3 Count: Uncontrolled Lending

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1: Internet Archive Faces Skeptical Judge in Publishers’ Copyright Lawsuit

First off today, Blake Brittain at Reuters reports that the Internet Archive had a day in court yesterday as it defended itself from a group of major book publishers and both sides seek a judgment in their favor ahead of a potential trial.

The case came about during the early days of the pandemic, when the Internet Archive announced the “National Emergency Library” initiative. In doing that, they removed all lending restrictions for e-books, including lending out more digital copies than they had physical copies. Normally, the Internet Archive engages in what it calls “controlled digital lending”, which is where it loans out one digital copy for each physical copy it holds.

The publishers are challenging both the National Emergency Library initiative and the broader concept of controlled digital lending, saying that it requires the production of a new digital copy. Both sides are asking the judge to rule in their favor and avoid a trial. However, the judge seemed very skeptical of the Internet Archive, saying that they were avoiding the question that’s at the heart of the case, namely the reproduction of the books.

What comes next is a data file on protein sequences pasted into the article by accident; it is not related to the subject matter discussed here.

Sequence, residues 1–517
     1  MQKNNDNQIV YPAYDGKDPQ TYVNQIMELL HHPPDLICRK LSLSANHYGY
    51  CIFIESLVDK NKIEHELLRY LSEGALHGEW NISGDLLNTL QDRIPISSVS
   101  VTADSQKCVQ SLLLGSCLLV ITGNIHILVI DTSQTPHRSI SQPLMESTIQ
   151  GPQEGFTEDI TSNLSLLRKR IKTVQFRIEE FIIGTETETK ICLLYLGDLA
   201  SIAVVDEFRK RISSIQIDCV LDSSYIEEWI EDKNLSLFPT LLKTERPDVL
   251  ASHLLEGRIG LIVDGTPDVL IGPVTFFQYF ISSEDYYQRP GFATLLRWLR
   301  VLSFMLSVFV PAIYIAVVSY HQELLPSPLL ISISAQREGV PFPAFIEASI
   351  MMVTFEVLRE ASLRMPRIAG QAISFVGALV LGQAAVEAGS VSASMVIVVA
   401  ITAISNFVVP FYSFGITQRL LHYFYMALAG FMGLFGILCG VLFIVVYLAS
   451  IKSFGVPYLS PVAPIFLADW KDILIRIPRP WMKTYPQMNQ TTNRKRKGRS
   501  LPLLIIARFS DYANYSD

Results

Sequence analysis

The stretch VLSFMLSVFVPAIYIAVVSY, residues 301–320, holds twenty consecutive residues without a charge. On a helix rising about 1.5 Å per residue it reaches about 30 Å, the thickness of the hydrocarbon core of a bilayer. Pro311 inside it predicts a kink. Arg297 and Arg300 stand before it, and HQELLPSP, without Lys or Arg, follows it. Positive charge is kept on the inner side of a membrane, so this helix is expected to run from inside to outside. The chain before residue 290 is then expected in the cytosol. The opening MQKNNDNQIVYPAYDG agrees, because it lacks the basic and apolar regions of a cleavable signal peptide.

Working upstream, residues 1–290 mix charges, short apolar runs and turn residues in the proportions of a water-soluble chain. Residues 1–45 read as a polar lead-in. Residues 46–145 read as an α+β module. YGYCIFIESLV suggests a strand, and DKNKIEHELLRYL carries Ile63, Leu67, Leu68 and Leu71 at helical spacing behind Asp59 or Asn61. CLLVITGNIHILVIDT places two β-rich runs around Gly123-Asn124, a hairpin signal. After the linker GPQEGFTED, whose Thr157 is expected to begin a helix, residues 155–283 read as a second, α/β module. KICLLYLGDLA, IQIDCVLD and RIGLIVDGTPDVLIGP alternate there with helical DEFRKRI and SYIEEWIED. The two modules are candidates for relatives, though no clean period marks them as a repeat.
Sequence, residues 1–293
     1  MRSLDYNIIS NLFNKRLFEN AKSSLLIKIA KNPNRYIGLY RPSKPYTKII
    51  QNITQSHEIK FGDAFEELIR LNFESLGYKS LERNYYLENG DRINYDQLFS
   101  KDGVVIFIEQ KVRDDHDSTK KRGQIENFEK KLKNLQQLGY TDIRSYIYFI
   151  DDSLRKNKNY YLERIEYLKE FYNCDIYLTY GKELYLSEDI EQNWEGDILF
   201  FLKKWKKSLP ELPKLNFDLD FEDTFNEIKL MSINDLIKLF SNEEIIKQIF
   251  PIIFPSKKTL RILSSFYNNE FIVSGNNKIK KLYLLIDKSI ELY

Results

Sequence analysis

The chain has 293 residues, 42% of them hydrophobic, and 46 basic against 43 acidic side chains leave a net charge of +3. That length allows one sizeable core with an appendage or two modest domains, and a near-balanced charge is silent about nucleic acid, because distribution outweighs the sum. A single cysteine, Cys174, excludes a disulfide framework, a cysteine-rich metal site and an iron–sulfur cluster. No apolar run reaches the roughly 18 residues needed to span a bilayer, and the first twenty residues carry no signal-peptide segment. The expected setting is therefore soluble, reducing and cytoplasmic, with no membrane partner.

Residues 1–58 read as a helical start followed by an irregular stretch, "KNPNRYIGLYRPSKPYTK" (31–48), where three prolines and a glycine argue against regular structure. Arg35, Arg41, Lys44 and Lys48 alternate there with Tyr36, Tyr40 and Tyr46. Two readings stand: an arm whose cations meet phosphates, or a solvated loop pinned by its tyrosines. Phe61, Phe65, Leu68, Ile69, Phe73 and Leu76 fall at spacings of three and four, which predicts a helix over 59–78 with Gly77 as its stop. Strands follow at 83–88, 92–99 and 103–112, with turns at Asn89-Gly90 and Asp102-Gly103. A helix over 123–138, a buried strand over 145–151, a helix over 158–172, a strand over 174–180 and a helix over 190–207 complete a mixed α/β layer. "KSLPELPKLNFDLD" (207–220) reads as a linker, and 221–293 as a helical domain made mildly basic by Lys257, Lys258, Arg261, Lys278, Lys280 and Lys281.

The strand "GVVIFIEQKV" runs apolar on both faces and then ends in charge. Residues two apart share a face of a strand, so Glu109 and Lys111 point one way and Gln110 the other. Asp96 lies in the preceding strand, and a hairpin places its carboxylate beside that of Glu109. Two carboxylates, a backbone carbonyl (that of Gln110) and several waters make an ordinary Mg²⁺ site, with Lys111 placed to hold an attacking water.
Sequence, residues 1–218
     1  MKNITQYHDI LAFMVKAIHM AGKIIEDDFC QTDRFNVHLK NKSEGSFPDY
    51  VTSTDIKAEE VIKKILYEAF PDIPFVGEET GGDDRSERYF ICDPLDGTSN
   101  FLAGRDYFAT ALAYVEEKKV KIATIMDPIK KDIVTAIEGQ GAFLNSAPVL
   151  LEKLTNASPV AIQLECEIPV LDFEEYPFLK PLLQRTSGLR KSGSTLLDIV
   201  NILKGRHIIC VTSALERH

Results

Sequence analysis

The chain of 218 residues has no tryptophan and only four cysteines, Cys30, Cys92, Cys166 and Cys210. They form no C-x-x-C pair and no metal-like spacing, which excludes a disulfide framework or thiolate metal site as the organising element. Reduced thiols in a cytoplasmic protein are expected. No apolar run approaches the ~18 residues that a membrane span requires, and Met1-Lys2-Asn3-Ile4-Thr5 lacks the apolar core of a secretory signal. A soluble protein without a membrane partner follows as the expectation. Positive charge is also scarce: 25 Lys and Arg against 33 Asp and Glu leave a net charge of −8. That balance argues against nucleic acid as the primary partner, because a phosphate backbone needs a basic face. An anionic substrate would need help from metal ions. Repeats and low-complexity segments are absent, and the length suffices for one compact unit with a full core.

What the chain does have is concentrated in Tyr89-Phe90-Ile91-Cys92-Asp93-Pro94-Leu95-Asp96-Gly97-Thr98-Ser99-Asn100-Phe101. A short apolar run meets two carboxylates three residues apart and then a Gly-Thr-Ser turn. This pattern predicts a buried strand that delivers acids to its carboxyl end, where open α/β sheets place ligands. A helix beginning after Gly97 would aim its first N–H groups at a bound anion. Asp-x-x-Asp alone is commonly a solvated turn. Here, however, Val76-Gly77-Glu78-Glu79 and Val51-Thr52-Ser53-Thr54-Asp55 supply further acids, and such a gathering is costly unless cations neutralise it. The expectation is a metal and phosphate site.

2: Major Labels Want ISP to Pay Additional $12 Million in Piracy Liability Case

Next up today, Ernesto Van der Sar at Torrentfreak writes that a group of major record labels are seeking another $12 from an ISP over allegations that the service did not do enough to prevent piracy on its network.

The case pits Astound-owned ISP Grande Communications against the major record labels. According to the labels, Grande failed to take preventative measures to reduce piracy on its network, including failing to disconnect repeat infringers and ignoring notices of infringement. The labels previously won a $47 million jury award against Grande, though the case has continued through appeals.

Those appeals are why the labels are now asking for an additional $12. 7 million in attorney fees, interest and other costs. However, Grande has hit back at that request, saying that the amount already awarded, “far exceeds any reasonable estimation of actual harm” and is already a windfall for the major labels.

3: The Weeknd settles copyright case over Call Out My Name

Finally today, Mark Savage at the BBC reports that The Weeknd has settled an ongoing case over his 2018 Call Out My Name.

The lawsuit was filed by musicians Suniel Fox and Henry Strange, who alleged that The Weeknd copied an earlier track of theirs named Vibeking. The musicians alleged that The Weeknd copied various elements from the song after he was given access to it through a collaborator. According to the plaintiffs, The Weeknd actually responded directly to Vibeking, saying the track was “fire.”

The Weeknd has long denied the claims of infringement, but both sides have asked the case to be dismissed, citing a pending settlement. The terms of the settlement have not been disclosed.

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